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My last child is about to graduate from high school. Rather than an occasion for unbridled joy, his graduation will be more a moment of extreme relief. Chuck hated school – pretty much every tortuous moment of it, to be frank. It isn't that he hated learning, because he doesn't, it is more that he hated the institution of public education and never managed to find a place in it where he could exist painlessly. It is a terrible thing to send your child off every day to someplace that makes him miserable, but I did not have the resources necessary to find some other situation for him that would have been more his style. Bless him, he hung in there year after horrible year and made it through, which is a testimony to his endurance and strength.
Naturally, he plans not to participate in all the traditional activities associated with high school graduation other than the event itself. He has no desire to go to the prom or buy a ring or a yearbook, or any of the other stuff happy graduates do. I do not argue with him. After all his suffering he has every right to choose what he will and will not do. He tells me that he personally feels that if getting through high school qualifies as a significant highlight in his life he might as well give up right now. I wish he could have enjoyed it more, but I don't judge. He is going to college. What more can I ask?
What he really wanted, which was to see his brother and sister in the same place at the same time for almost a decade, is going to happen, and that is enough of a gift to him to make everything else pale in comparison. It wasn't easy being the last in the family and 10 years behind his nearest sibling, especially since they both took off on their own lives right off the bat. It was hard on him, that's for sure. He will be living at home for at least his first year of college, partly to save money and partly because he is fully aware that he isn't quite ready to be on his own as yet. Chuck suffers in no way from the arrogance of youth that is only tempered by hard experience or the illusions of adulthood a lot of his peers do. Although he has his head firmly planted in the clouds in some ways, in terms of existence he is remarkably grounded. Hopefully, it will save him some of the hard knocks delivered by the road to being all growed up. Besides, he likes the help getting up in the morning!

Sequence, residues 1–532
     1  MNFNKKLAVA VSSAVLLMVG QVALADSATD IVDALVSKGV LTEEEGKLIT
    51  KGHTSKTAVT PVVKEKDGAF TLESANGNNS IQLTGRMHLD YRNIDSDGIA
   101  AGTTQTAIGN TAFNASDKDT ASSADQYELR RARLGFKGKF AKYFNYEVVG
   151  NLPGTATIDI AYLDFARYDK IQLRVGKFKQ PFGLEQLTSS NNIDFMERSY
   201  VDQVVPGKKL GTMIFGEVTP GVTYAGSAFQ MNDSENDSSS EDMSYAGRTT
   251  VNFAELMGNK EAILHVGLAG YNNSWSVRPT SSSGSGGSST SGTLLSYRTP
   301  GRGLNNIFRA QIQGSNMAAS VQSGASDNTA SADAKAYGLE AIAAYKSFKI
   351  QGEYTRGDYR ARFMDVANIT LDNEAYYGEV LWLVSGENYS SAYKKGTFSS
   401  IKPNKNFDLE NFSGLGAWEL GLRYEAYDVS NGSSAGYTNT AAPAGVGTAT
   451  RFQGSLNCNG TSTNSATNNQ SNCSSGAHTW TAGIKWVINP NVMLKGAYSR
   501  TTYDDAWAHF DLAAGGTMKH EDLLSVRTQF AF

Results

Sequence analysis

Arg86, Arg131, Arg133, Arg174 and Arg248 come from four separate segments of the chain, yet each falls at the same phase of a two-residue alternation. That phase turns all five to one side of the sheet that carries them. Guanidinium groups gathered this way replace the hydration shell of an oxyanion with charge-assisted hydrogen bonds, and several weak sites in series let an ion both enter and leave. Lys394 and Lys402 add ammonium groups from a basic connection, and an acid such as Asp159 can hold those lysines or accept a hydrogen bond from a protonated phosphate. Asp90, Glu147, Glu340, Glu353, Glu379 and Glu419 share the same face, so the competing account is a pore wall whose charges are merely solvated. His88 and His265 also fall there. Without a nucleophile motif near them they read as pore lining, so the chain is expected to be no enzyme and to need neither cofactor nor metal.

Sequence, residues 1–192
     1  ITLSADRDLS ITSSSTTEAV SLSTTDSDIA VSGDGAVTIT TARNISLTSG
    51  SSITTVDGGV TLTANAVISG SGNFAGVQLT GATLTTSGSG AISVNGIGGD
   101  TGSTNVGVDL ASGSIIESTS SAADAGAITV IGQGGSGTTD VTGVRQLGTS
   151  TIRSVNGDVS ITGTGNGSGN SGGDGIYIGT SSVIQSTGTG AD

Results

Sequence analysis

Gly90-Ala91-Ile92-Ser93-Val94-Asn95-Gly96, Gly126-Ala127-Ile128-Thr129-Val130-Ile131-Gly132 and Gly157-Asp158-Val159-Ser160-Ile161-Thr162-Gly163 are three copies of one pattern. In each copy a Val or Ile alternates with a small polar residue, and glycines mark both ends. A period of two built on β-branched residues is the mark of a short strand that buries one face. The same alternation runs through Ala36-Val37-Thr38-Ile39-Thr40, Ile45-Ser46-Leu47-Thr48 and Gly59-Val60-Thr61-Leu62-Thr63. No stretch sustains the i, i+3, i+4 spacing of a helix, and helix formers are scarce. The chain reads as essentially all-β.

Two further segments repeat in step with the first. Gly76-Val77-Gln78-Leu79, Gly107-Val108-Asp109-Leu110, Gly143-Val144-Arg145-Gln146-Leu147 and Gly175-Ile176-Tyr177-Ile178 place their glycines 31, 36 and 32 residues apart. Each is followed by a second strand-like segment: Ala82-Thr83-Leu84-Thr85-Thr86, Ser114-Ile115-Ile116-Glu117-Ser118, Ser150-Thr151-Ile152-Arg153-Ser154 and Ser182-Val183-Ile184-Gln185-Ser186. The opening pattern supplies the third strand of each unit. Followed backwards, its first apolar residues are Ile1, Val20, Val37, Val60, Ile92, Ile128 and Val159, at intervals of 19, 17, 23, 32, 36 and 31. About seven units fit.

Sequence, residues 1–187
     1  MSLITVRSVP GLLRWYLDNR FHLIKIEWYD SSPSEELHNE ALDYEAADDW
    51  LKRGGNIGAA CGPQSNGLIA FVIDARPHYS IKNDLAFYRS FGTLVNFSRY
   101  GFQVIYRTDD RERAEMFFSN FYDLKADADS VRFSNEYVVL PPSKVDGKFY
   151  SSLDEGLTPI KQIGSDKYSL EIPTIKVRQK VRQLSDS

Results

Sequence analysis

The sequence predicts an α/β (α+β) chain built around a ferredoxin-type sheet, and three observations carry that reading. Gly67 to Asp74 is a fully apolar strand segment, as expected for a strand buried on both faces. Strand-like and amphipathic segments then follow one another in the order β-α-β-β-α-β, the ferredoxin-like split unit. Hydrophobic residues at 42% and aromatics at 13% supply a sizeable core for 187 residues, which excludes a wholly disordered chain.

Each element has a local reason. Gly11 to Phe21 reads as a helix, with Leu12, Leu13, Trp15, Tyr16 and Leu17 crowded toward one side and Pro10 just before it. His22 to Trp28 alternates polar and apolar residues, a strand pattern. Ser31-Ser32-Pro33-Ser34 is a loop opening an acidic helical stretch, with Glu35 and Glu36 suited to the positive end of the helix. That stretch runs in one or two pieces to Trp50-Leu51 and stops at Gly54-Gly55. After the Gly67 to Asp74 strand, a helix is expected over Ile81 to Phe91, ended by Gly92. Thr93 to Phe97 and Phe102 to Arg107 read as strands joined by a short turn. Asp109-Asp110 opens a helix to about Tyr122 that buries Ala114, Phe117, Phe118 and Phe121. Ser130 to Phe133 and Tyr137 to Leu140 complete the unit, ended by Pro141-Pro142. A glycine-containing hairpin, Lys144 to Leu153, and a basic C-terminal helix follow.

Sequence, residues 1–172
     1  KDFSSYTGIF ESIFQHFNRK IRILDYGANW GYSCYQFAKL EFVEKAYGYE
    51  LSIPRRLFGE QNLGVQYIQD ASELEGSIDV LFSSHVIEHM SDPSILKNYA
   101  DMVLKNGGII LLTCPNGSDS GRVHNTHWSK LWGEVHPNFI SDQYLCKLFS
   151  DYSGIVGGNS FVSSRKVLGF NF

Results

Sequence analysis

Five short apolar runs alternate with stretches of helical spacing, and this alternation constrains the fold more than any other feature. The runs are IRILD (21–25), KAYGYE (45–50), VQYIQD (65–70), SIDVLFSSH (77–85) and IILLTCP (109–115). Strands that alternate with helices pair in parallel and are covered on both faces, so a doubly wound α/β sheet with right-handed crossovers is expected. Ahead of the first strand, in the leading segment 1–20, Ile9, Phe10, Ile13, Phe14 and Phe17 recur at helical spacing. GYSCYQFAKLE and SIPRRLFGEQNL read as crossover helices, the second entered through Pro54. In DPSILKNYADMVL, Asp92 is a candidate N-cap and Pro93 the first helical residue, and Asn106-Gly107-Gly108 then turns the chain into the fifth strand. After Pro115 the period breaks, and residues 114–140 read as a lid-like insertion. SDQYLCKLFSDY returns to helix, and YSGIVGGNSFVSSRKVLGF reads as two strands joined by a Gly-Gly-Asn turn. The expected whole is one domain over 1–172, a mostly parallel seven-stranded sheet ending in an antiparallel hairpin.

I raised all my children to go out into the world and find their own way, but when Chuck goes, it will be the most difficult for me. Not because I love the other two any less, but because circumstances were such that I formed a far more powerful bond with Chuck as a human being. He isn't just my son, he is one of my best friends and I will miss his company sorely. I have learned some truly important stuff from Chuck over the years, not the least of which is the true quality of unconditional love. Chuck has always loved me, warts, freak hairs, stupid mistakes and all without judgment. He is remarkable that way and has the most forgiving heart of anyone I have ever known. To Chuck, if you cannot forgive than you will never be able to truly love anyone, a philosophy of goodness I have come to admire and respect completely. Chuck is an optimistic person, always believing that no matter how bad things are, there will be good around the corner. It kind of amazes me that he feels that way after his school years and the unrelenting misery of the experience. Being teased, tormented, bullied, and reviled for 13 years can often make people a little bitter and resentful. Not Chuck. He has had his small handful of friends and never longed for popularity, or the adulation of his peers. He went through a period in junior high school of being a bit negative and expecting the worse from everyone, but he managed to pull himself out of that nosedive without a lot of drama. Better than I would have.
So, my baby is graduating and before long, will leave me for the world, which is exactly what he should do. I didn't raise any of them to stick around and keep me company. It will not be easy and probably a rough adjustment to make, but I'll manage. We will always be friends, and that is something we will have no matter where he goes or what he does. I can do it. I think I might have to get a dog, though. A really nice one who loves me.
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